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Beating cancer from within

Published: 
28 September 2017
Michael and Cristiana
Clinical trials patient Michael Knowlton with Southampton research sister Cristiana Goncalves

Michael Knowlton was the first person in the world to test a potential vaccine for his type of head and neck cancer (HPV 16) as part of an immunotherapy clinical trial by the University of Southampton.

There is no guarantee that the course of injections Michael agreed to have will one day save his life, but the 63-year-old is willing to try.

When he rolled up his sleeve to receive the first jab as part of a University of Southampton clinical trial, Michael was, however, sure of one thing – he was making medical history.

The company director was the first person to have what could go on to be a vaccine against the type of cancer with which he was diagnosed two years earlier.

It was an irritating cough which first prompted Michael to visit his doctor in 2014. Tests went on to confirm it was cancer. What followed was a difficult procedure by Professor Emma King to remove the tumour from the back of his tongue which left him in intensive care with a tracheostomy.

At the end of gruelling rounds of chemo and radiotherapy he was told should the cancer return, his options for further treatment were limited and he could well be facing a life-changing operation which would severely impact his quality of life.

Michael, who lives in Poole, said: “I was told there wasn’t much else that could be done if it came back, I couldn’t have any more chemo or radiation and that was a bit of a kicker.

“You think there has got to be a way so I asked if there was a research program I could get on rather than sit and wait for nature to take its course.”

Michael was referred to a cancer immunotherapy clinical trial by the University of Southampton which was developing a vaccine for the type of head and neck cancer called HPV 16 which he had been diagnosed with.

He says: “When I found out I was a candidate, as the trial was for the type of viral cancer which I had, for me that was like all my lottery numbers coming in at once.”

Michael took part in the first phase of the trial which recruited disease-free patients to establish how they reacted to the vaccine in terms of side effects and to establish dose levels, before it will eventually be tested in patients who are at the advanced stage of the disease.

The father of three said for him it was a ‘no-brainer’ when told he would be the first person to receive the vaccine.

He says: “There was no way you would be foolish to say, no I don’t want any of that. Yes, there was a risk factor but you have to go for it you have got nothing else.

“You have to either wait for nature to take its course or you do something about it. I just don’t take no for an answer.”

The HARE-40 trial was developed from research undertaken at the University by Professor Christian Ottensmeier and funded by Cancer Research UK in partnership with the University.

The vaccine uses a type of immunotherapy which ‘kick-starts’ the immune system to recognise the HPV16 cancer and destroy it before it has a chance to develop.

Michael, whose parents and wife’s parents passed away through cancer, added: “It was exciting to be the first, it felt that I was contributing more than I originally thought. It wasn’t just selfishness that I wanted it for myself it was for my kids, the next generation.”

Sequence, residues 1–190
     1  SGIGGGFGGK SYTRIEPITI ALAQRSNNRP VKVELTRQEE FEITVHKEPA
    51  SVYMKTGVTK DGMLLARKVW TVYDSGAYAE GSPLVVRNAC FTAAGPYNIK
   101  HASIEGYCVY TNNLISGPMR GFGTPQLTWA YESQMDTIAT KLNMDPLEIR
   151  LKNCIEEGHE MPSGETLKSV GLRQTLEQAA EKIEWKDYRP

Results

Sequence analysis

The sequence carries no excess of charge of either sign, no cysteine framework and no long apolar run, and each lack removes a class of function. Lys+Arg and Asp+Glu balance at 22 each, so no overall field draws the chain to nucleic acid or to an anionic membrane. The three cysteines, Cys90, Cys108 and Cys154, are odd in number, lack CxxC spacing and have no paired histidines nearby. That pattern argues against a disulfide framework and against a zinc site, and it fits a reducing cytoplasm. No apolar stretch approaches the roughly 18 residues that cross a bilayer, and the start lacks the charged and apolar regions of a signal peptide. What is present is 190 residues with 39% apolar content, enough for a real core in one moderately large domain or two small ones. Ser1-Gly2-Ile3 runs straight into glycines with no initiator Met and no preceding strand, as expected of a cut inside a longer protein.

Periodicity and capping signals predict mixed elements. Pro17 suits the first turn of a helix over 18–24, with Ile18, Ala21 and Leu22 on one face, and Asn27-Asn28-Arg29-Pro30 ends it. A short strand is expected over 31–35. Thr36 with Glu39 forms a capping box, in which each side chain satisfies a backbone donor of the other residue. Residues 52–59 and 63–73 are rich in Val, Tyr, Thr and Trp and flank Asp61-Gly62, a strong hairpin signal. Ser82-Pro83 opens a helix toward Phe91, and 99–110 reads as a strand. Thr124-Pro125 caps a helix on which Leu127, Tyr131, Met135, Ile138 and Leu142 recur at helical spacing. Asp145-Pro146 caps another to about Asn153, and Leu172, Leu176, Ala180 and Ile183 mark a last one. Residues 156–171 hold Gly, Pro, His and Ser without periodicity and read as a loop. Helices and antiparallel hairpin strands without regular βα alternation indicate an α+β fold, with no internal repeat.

University of Southampton research sister Cristiana Goncalves, said the excitement when the clinical trial began was palpable.

“I was very excited to see Michael there. We know that all the tests have been done but we want to know what the side effects are so when Michael started reacting four to six hours post dose, we knew that this was happening for real.

“People like Michael are really special, these patients are all volunteers and Michael is currently disease-free. He doesn’t need to do this, it is purely for research which makes them even more special.”

Cristiana added: “To think that in ten or 20 years’ time we might be able to vaccinate kids or teenagers and that might prevent head and neck cancer from happening then that makes us happy to come to work and do these trials.”

It is this unique arrangement of action-led research which is developed into clinical trials all happening right here in Southampton that has established the University as world-leaders in the field of cancer immunotherapies.

This reputation is set to be further enhanced with the opening of the Centre for Cancer Immunology next year. The first of its kind in the UK, and wholly funded through philanthropy, it will provide cutting edge facilities and become home to pioneering researchers from a range of fields collaborating under one roof.

Michael said: “You have got to be so proud that it is here in Southampton. Everyone can feed off each other and lessons learned in one department could be converted to the benefit of other trials, simply by the fact they are all happening in one place.”

Research sister Kerry Gready says the potential for students to benefit in the unique learning environment and the potential to expand and enhance the clinical trials available to patients is an exciting new chapter for the University.

She says: “It is the knowledge and expertise that are on tap just from being in this environment that is the difference. It just buzzes with enthusiasm, people all over the world are here in these buildings.

“Not only will our students be taught this incredible knowledge but they will also get to see how inspired and motivated people are to be working here that you are not going to get anywhere else in the country.”

Click here to find out more about the University’s campaign for the Centre for Cancer Immunology.

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